Feature Stories - Uganda's Cinderella Story
1st December 2009
Uganda is emerging as the success story of 2009. Unexpected events such as a bumper food harvest, in combination with the country's prudent economic reforms have contributed to growth rates predicted to hit 6.3% by the end of 2009. Experts estimate that Uganda may register the highest growth rates in the region following the devastating droughts that hit neighbouring Kenya and Tanzania in 2009. Like other countries in East Africa, Uganda is aware that fortune could change at anytime!
To achieve sustainable growth, the government is banking on benefits from the recently signed East African Common Market Protocol - an agreement between five countries (Burundi, Kenya, Rwanda, Tanzania and Uganda) to implement a common trade policy and eliminate tariff, non-tariff and technical barriers to trade. Many expect the regional bloc of 120 million people to be the conduit to an anticipated explosion in regional trade in the coming decade.
In an interview with ATI's Resident Underwriter, Allan Mafabi, he discusses opportunities within this emerging economy and the potential role for trade credit risk insurance and political risk insurance to support the country's growth strategy.
What does the East African Common Market Protocol mean for the Ugandan private sector - has the market responded favourably to this development?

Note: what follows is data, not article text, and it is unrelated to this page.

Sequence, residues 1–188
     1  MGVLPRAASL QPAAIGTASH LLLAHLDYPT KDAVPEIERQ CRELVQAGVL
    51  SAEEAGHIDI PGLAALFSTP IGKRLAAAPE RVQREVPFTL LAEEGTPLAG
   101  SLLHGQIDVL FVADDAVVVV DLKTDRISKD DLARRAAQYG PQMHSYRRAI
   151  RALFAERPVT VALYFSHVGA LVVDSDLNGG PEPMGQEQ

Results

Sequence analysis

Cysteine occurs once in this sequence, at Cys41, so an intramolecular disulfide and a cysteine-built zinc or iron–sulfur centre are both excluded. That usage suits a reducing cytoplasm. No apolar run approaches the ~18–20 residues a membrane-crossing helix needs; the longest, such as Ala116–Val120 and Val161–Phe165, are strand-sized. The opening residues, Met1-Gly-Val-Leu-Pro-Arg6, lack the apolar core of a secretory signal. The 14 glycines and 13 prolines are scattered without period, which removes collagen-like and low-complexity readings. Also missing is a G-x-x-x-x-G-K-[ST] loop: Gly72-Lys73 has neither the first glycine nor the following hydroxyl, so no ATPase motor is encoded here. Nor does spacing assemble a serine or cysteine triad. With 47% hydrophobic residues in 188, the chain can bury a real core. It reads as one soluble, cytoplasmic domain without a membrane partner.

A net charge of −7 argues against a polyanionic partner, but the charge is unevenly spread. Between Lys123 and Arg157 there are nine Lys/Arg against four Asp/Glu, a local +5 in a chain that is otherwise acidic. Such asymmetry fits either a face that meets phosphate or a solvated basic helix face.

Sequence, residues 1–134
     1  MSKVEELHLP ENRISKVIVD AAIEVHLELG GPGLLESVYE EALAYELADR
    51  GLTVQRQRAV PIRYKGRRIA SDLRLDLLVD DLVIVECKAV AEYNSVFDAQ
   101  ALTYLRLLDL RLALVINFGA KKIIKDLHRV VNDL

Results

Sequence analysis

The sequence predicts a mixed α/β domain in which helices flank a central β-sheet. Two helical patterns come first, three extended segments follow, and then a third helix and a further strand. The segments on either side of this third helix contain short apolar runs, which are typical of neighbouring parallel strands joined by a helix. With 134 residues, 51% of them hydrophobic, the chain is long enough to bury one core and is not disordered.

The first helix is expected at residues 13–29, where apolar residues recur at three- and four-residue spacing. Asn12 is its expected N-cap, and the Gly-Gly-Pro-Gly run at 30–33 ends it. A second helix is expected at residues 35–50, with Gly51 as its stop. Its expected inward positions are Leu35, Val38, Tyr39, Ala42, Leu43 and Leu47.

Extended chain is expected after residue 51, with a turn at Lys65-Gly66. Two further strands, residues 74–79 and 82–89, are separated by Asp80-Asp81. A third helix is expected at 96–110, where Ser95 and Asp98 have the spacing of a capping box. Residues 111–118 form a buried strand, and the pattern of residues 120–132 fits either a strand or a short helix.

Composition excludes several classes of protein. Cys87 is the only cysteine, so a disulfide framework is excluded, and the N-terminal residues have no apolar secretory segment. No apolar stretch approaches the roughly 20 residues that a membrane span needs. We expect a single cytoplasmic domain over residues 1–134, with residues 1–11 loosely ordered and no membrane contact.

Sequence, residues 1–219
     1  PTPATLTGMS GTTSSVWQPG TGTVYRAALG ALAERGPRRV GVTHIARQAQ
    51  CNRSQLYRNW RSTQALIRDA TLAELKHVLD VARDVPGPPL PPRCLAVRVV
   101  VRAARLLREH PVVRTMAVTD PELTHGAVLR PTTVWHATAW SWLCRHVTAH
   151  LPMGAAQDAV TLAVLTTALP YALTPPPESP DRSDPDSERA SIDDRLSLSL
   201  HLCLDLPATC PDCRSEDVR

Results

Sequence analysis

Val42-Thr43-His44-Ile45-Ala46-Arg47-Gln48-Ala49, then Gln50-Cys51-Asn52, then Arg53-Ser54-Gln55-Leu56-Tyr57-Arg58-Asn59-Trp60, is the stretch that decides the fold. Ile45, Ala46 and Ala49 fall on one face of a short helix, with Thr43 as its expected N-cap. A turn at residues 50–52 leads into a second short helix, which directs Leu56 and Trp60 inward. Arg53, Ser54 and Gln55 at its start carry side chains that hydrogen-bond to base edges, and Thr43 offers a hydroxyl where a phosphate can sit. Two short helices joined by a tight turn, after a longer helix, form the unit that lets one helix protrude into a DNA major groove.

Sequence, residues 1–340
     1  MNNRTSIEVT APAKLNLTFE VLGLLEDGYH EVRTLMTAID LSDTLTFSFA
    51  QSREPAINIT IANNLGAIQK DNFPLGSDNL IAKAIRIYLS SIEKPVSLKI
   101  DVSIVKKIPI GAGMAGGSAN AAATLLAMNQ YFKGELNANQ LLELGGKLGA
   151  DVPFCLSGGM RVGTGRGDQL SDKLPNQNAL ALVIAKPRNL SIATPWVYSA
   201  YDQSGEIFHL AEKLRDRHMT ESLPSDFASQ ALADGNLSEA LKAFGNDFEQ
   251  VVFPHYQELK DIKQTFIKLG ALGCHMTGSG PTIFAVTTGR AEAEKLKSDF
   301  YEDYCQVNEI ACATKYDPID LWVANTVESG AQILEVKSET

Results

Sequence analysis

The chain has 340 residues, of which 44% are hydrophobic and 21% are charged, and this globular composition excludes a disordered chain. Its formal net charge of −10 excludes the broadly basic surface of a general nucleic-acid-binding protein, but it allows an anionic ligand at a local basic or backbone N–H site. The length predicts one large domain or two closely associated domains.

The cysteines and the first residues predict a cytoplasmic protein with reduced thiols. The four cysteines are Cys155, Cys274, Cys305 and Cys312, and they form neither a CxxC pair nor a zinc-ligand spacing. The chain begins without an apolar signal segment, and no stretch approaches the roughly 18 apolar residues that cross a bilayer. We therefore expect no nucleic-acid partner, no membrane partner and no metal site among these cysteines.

It is difficult to separate any business development initiatives on the continent from the issue of good governance. At a recent conference on this topic held in Tanzania, Mo Ibrahim, the Sudanese governance proponent, delivered a succinct argument when he spoke about the continent's increased ability to compete globally under a regional integration framework that is backed by a sound governance structure.
The Ugandan market has responded well to the East African Common Market Protocol, which will be rolled out next year. However, one of the challenges that Uganda will face is to create domestic demand for its own products. Without consumers, Uganda will not reap the potential benefits of the Protocol.
To stimulate domestic demand, the chief representative for Uganda's private sector, Gabriel Hatega, the Executive Director of the Private Sector Foundation (PSFU) recently launched the "Be proud, buy Ugandan" campaign, which mirrors similar campaigns in Nigeria and South Africa that aim to boost support for local manufacturing industries. This initiative will hopefully stimulate Ugandan manufacturers to invest in capacity building and systems to ensure that Ugandan goods can compete favourably with regional and global players.
Do you see any obvious trends in Uganda in terms of sectors that may benefit from this Protocol?
Generally, the whole Economy stands to gain from this development. However, one area that stands to benefit more than most is agriculture. Uganda also referred to as the 'bread basket' of East Africa, has been investing in a strategy that will move the industry several steps along the food chain in terms of agri-food processing. The Faculty of Food Science and Technology at Makerere University is leading the charge to develop this capacity.